5. Ulrich D.

    Ulrich D.

    Sep 24, 2014
    My favourite bow ist currently a Vingo carbon bow, a few years old. It's Vingo's "professional" bow. I just wanted a stable, cheap emergency-bow. The previous owner had this bow rehaired with black hair. I bought it some month and paid 100€.
    Very soon I have omitted the quotation marks.
  6. Jeff Bonny

    Jeff Bonny Inactive

    Nov 20, 2000
    Harrison Mills
    The Coda Infinity was the best bow for under $1K that I could find in my recent hunt. I don't doubt that given enough patience in a bigger market city like NYC I could have found a wood bow I liked as much or better for the same money or less. But the playability and durability made it seem like a good long term investment. Even when I get another master bow (which at some point I will) the Coda is still what I'll likely bring to primarily pizz gigs. It's an excellent, well balanced student bow that won't hinder you anywhere short of a pro orchestral gig.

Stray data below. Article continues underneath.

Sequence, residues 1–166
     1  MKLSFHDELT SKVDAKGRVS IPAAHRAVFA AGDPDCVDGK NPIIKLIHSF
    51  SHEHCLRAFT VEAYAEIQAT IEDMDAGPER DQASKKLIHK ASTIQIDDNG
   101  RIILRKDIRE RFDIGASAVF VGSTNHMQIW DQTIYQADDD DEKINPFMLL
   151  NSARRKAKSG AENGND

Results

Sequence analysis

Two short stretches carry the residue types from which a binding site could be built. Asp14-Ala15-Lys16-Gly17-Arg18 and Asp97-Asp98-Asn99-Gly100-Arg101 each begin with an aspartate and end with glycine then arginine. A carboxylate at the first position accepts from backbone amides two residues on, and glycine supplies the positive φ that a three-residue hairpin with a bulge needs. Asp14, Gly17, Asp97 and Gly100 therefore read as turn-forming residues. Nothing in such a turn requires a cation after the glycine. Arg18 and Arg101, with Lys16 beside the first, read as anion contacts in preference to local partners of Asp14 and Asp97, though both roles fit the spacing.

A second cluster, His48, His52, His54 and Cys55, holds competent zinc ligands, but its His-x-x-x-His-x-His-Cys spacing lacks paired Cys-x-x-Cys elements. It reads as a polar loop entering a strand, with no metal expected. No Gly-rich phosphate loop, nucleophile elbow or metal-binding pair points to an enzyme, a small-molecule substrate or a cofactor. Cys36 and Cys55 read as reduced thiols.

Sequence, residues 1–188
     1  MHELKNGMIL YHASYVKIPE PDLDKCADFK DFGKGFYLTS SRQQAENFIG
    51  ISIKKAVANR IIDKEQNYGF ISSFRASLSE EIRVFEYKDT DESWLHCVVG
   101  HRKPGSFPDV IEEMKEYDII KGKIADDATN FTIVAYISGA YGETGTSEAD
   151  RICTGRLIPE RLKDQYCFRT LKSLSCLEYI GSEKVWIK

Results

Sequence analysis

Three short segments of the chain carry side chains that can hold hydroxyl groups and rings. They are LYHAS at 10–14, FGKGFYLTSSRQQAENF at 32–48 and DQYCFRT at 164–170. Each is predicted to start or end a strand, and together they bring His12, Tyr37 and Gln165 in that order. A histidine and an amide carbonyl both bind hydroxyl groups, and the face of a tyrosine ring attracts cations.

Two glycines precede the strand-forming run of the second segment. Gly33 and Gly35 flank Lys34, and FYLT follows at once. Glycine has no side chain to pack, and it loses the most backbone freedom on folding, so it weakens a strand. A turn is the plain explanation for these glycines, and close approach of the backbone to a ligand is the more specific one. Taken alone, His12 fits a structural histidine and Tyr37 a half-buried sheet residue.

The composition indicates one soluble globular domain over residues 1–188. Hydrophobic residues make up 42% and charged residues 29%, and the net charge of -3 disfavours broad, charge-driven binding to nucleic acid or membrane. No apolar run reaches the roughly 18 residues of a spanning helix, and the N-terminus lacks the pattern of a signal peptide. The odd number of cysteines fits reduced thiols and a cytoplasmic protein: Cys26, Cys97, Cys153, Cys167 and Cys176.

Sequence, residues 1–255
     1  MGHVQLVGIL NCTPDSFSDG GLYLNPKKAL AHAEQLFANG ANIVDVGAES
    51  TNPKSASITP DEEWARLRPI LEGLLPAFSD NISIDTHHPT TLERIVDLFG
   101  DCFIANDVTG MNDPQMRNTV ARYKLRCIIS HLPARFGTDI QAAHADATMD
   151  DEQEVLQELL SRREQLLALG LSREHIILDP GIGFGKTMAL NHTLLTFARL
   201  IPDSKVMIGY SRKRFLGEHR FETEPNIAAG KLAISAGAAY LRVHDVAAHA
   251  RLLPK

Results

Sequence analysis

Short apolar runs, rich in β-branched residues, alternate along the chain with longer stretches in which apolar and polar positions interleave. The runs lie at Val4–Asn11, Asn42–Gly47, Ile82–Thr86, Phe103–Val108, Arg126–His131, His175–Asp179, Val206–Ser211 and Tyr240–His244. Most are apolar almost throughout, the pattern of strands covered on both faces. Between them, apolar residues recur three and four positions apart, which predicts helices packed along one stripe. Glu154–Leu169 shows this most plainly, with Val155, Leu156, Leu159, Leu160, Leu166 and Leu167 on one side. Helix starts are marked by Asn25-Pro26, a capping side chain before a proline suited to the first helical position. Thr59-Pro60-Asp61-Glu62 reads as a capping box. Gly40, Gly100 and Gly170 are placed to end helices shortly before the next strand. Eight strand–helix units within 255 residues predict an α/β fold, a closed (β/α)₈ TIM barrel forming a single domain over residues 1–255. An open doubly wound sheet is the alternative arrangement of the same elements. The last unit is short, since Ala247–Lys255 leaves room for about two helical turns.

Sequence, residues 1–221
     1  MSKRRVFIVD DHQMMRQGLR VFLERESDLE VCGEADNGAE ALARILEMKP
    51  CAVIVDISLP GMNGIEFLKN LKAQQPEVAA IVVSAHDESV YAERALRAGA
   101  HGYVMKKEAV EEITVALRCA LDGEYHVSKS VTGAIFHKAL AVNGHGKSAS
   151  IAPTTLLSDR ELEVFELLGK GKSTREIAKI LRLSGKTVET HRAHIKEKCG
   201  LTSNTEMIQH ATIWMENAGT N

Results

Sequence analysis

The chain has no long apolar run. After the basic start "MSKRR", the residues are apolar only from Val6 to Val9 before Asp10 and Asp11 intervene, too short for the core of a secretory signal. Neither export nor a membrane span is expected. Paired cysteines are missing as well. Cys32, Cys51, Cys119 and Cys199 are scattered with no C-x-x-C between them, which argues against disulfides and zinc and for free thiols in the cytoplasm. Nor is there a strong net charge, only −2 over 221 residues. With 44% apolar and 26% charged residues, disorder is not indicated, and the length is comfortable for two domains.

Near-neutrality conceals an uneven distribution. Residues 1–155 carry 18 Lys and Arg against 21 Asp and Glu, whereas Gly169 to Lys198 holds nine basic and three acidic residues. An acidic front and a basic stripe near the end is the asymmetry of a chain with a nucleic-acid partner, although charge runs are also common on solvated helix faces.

I did play some $300ish Aileen and NS Design CF bows that I thought were as good as any of the wood bows in the same price range but certainly not in the same league as the Infinity. The Coda is much more lithe and has a much more clear voice. My general impression the few CF bows I've played is that they were all worth what they cost but not much more.
  7. groooooove

    groooooove Supporting Member

    Dec 17, 2008
    Long Island, NY